Dealing with Sugar Cravings on Keto

Sugar cravings were the reason I used to say over and over again, “I’ll start again on Monday”. Having fought them off Monday to Friday, by the weekend, my willpower had flown out of the window. I used to feel guilty about not sticking to a diet for longer than five days, but, now I appreciate that this was caused by my food choices, not my lack of motivation. Today, I am so pleased to have found a diet that has released me from such debilitating sugar cravings.

When starting a ketogenic diet, expect to experience “keto-flu”. This happens when the body transitions from burning carbohydrates (glucose) to fat for fuel. This is the only time I have had to deal with sugar cravings on keto so it’s worth sticking it out.albumtemp-3

Tips for dealing with sugar cravings on keto:

  • Are you experiencing true hunger?

Frequently, sugar cravings are masked as hunger. If you find yourself “fancying” a piece of toast with jam or some sweets, ask yourself whether you feel hungry for an avocado, some nuts or leafy green vegetables with butter / coconut oil. If not, chances are you aren’t actually hungry but are experiencing sugar cravings or are simply bored.

  • Eat more fat

Eating enough fat at each meal ensures satiation so there will be less need to snack between meals. Most people tend to reach for sugary snacks over savoury ones, by reducing your need to snack, you will no longer have to.

  • Are you getting enough salt in your diet?

When insulin is lowered, excess water and sodium are expelled from the body. This is why readings on scales sometimes show considerable weight loss within the first few days of starting a low carb diet. Sodium is a crucial electrolyte for health and so it is important to replenish and maintain stores. In my experience most cravings arise alongside other keto-flu symptoms. So, by reducing the fatigue and headaches experienced when transitioning to a high fat diet, you will be in a better position to resist sugar cravings. Add high quality sea salt to your meals or mix 0.5 to 1 teaspoon in a glass of water and drink upon waking.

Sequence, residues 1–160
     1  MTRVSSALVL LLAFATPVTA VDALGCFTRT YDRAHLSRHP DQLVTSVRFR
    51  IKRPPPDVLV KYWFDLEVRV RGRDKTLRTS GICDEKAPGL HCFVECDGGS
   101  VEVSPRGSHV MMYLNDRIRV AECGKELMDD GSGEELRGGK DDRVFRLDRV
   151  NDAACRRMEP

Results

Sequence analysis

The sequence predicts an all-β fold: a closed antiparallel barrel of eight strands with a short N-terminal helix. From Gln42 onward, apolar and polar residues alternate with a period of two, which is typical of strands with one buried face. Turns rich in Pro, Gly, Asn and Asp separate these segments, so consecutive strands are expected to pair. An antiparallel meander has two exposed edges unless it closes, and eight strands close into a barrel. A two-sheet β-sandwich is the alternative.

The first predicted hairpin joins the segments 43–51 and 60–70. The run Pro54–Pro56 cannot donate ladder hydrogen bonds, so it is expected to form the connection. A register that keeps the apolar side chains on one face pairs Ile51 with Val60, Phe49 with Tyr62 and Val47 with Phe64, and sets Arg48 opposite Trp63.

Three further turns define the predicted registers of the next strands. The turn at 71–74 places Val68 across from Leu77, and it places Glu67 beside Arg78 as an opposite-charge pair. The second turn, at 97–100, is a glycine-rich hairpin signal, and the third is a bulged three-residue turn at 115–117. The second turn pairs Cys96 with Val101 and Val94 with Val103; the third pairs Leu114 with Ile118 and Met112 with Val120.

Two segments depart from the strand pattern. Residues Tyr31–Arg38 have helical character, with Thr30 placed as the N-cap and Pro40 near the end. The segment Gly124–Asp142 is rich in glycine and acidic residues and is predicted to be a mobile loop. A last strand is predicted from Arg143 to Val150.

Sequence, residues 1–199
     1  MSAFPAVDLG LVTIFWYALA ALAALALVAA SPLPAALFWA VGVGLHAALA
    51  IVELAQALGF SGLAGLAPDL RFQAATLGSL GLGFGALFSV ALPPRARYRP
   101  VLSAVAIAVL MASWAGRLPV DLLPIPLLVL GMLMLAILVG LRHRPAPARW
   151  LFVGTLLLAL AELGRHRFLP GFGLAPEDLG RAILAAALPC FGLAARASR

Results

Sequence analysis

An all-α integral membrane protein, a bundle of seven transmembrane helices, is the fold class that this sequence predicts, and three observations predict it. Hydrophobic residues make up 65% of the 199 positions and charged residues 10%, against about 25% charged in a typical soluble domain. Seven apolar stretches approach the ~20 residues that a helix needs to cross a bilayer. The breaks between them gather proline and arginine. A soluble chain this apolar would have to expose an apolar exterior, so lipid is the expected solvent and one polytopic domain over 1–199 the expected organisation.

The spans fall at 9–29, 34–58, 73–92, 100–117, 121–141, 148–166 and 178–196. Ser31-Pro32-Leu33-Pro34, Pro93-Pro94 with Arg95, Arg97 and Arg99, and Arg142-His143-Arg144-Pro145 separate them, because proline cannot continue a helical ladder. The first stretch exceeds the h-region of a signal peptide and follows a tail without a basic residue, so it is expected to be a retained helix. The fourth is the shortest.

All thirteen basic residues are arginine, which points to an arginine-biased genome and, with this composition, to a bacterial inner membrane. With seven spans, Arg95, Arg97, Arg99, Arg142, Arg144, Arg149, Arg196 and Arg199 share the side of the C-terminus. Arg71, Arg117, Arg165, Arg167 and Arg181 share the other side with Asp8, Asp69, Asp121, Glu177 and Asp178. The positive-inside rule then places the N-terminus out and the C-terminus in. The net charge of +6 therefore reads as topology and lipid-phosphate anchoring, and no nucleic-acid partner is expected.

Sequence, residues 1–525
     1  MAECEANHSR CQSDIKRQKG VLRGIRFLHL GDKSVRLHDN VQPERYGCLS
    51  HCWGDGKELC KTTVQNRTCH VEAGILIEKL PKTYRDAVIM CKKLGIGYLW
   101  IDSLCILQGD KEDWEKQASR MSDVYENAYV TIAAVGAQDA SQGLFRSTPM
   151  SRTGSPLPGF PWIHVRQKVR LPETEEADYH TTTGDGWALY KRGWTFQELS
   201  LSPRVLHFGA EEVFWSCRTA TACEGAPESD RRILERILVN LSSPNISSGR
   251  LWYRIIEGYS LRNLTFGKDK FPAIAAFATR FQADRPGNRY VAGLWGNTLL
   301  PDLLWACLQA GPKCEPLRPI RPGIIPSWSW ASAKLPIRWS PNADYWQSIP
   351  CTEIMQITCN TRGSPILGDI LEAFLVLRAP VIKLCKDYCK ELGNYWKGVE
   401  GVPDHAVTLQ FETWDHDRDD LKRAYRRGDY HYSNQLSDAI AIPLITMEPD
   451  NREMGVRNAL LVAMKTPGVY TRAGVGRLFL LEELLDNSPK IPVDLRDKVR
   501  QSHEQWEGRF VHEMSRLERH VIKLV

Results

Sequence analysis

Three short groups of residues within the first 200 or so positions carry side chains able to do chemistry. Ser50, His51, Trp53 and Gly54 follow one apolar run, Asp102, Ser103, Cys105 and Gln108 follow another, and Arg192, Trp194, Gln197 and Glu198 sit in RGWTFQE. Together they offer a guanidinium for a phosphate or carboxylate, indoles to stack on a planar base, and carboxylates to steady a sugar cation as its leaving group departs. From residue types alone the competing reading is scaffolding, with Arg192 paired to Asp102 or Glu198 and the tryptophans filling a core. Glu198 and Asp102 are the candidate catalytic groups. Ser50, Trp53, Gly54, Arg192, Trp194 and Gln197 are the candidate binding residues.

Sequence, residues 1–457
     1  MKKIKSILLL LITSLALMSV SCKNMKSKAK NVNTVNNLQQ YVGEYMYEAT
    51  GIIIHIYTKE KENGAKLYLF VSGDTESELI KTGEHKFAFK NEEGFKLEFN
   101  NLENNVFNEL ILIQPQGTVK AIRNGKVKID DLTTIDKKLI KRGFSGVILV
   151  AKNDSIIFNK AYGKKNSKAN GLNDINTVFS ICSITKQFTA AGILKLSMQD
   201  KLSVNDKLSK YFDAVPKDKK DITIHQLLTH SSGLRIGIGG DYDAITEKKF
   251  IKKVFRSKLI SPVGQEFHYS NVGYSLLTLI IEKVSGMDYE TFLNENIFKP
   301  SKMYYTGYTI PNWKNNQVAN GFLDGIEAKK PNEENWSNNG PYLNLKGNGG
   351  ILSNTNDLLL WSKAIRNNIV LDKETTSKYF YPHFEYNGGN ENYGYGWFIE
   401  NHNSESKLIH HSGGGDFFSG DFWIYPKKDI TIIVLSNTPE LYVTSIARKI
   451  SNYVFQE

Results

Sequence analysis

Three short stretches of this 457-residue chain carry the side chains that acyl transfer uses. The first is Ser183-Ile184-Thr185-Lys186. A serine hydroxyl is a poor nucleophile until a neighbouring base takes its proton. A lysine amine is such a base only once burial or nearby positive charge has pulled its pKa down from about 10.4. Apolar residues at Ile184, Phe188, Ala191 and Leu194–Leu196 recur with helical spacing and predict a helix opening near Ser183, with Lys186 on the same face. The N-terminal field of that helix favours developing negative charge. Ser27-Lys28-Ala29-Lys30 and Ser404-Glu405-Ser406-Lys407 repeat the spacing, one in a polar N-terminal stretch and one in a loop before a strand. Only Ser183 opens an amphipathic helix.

• Eat coconut

Coconut is a great food to eat when cravings arise. Its sweet flesh satisfies taste buds but, as it is jam-packed with healthy fats and little sugar, it will not spike insulin and lead to sugar-crashes. The combination of fats and fibre will help stave off cravings and hunger.

  • Make some keto friendly treats

You can buy low-carb “healthy” bars in supermarkets and health food shops but they often contain a host of preservatives, flavourings and sweeteners. So, make your own! By using simple ingredients such as fresh or desiccated coconut, you can make some tasty, nutritious treats. My recipe for “coconut bites” will soon be on the blog.

  • Avoid natural sweeteners, even if they are healthy

Some sweeteners, such as erythritol and xylitol from hardwood birch trees, do have various health benefits and can feature in a ketogenic diet. However, I would recommend excluding them when starting a ketogenic diet. If you have cravings for sugar and carbs, continually satisfying your sweet tooth through sweeteners is not going to help you to overcome them. I find the cold-turkey approach best.

  • Avoid “diet” or “sugar-free” foods and drinks

When the sugar is removed from these products, its replacement is frequently far more harmful to brain and body function. Aspartame is used in a lot of sugar-free drinks, take a look at this article on the dangerous effects of consuming it. Instead of reaching for the diet lemonade, I like to make my own using sparkling natural mineral water, ice, fresh mint and a slice of lemon.

  • Get the family involved

There is no doubt that being supported by others is a huge help when changing your diet and lifestyle. At first, it can be difficult to resist sugary snacks kept in the house for other members of the family, so, if you all make a pact to reduce sugar intake, it will be far easier to succeed.

 

G.

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